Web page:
Fuerza Transformadora, the Diocese of Little Rock’s ministry to help young Hispanics, was featured in a study titled “Ministry with Young Hispanic Catholics: Towards a Recipe for Growth and Success,” released Feb. 7 by the Boston College School of Theology and Ministry.
The summary report of initial findings from the National Study of Catholic Organizations Serving Hispanic Youth identified 12 successful Catholic organizations across the country and shared what makes them effective in engaging young Hispanic Catholics as a guide for dioceses and parishes across the United States looking to improve their Spanish ministries.
The study identified 10 pillars of success each organization meets: community, sense of belonging, attention to vulnerability, family involvement, leadership, culture matters, empowerment, Catholic identity, faith formation and missionary drive.
Fuerza Transformadora (Transforming Force) was recognized for several strengths, including diocesan investment; aim-specific ministry; personal testimonies that draw others, creating communication, bringing more young Hispanics into parish life; preventing addiction and violent behavior; and filling a needed ministry that promotes healing and transformation.
“I'm really happy, and it's a gift to us that they would include us in this academic study that provides data that administrators can use to improve,” Jeff Hines, diocesan director of the Faith Formation Office, said. “That gives us a validation of what's working. It's not just about publicity.”
Hosffman Ospino, principal investigator, conducted the study to help parishes adapt their ministries to the country’s growing Hispanic presence, which is nearly 43 percent of the U.S. Catholic population.
“Immigrant and U.S.-born Hispanics constitute the largest body of Catholics among those younger than 40,” he wrote. “The median age of Hispanics is 29. About 60 percent of Catholics younger than 18 self-identify (as) Hispanic.
“As the number of young Hispanic Catholics grows in every corner of the country, Catholic structures and organizations have been rather slow adjusting to that presence... and often struggle to find the right approach to reach out and retain young Hispanic people. In the meantime, millions of Hispanic young people have stopped self-identifying as Catholic.”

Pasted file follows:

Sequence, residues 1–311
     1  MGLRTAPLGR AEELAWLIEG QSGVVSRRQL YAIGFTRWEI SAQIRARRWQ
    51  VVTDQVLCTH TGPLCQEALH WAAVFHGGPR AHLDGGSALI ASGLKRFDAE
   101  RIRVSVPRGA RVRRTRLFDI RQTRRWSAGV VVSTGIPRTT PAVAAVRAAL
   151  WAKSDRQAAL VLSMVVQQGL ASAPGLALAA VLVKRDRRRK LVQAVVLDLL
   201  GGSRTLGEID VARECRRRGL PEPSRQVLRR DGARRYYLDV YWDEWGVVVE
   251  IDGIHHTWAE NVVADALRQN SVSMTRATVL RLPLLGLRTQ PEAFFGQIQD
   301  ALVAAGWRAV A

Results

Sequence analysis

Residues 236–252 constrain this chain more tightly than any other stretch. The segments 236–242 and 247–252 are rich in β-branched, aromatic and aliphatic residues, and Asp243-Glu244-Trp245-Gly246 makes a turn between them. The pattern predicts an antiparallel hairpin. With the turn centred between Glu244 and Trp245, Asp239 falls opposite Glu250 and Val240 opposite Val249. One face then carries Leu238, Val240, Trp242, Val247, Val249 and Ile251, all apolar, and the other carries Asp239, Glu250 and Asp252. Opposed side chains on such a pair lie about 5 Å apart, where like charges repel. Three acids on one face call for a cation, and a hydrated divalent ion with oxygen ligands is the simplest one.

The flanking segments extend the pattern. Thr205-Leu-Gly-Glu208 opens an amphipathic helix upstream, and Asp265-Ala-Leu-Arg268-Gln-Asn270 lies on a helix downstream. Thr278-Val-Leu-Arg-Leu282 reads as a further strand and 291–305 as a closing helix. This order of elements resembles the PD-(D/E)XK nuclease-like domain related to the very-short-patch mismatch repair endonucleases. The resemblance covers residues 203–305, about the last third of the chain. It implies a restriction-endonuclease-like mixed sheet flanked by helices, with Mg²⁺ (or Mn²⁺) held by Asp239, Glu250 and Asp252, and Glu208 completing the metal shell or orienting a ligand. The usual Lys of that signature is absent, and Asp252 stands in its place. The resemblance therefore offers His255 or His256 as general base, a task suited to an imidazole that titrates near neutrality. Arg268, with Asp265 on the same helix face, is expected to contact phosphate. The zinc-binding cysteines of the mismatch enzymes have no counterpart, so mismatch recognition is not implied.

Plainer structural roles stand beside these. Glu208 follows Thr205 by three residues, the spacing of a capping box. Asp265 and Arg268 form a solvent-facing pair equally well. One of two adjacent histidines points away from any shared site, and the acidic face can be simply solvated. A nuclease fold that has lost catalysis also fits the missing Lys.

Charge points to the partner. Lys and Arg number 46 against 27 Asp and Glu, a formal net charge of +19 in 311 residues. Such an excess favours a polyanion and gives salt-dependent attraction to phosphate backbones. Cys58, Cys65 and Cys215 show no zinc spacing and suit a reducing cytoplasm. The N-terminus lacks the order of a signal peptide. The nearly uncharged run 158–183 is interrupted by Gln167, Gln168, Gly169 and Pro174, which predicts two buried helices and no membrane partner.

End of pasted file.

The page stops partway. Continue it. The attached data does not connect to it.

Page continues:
Fuerza Transformadora was founded by faith formation associate director Serio Torres in 2003 after he was released from prison, turned to the Church for redemption and couldn’t find the right support to help people like him learn about God, change their lives and break free from drug and alcohol addictions, gang involvement and violent behavior.
Concerned about the crowd he would attract, his parish in northwest Arkansas wouldn’t let him hold meetings on its campus, so the group gathered in a public park. An early meeting included an outdoor, public Mass that drew nearly 1,000 people.
That drew the attention of local Baptist and Episcopal preachers who invited him to use their facilities for his use. When the church found out, they offered Torres space, and in 2006, Fuerza Transformadora became a ministry of the diocese’s Faith Formation Office. Two years ago, he expanded the program to evangelize Hispanic teenagers.
“We started holding youth retreats last year. We had 88 teens in May, 90-something in July and the next two had more than 100,” Torres said.
Today, seven parishes in the diocese have established Fuerza Transformadora programs, and churches in Mexico, Missouri, Texas, Tennessee and Illinois have contacted Torres about helping them start the program in their parishes.
“Everybody's calling me from around the country,” he said. “I'm going to Indiana and Virginia in the next two weeks to talk to churches about helping them set up Fuerza Transformadora.”
Although he knows he has an amazing story, Torres said the recognition is humbling and encouraging.
“I'm just trying to do my call,” he said. “I didn't have a future. I didn't think about the future. The only thing that I thought was that I was going to get shot and killed. That's something that I was waiting for. When I got out of prison, I didn't know anything about God. I didn't know anything about Jesus. When I got out was the first time that I spoke to Jesus and told him that I need help. He helped me. I gave my life to him, and my vocation is to do something for others.”
Torres has used his network to become a budding online sensation. His TikTok account with nearly 300,000 followers — @serioside — evangelizes and helps lift viewers’ moods. In one post, his goal was to simply make people smile.
“Oh, that one went viral,” he said. “It got like 10 million views. That was very cool.”
Hines said Fuerza Transformadora was a grassroots effort from the Holy Spirit, and he wants to see the diocese do more to inspire the laity to bring good ideas forward.
“Serio personally experienced that, and he personally wanted to share it with others in response to Christ,” he said. “So, he did that independently for a couple of years. It wasn't a bunch of (diocesan) directors sitting around a conference room saying what should we do. If we will respond to the work of the Holy Spirit, person to person, then great things can happen. We need to recognize that, follow it and support it and don't expect everything to be done in a top down way.
Torres’ dream is to build a Catholic community center to help local support groups and evangelize. After some initial discussions, he said, some of his contacts across the country are willing to back him financially.
“They asked me ‘What do you have now, to start?’ and I said, ‘I don't have anything, just ideas.’ Then they said, ‘Well, that's what we need. Don't worry about the money. Don't worry about anything.’ The talks are still in the early stages, but it is encouraging.”
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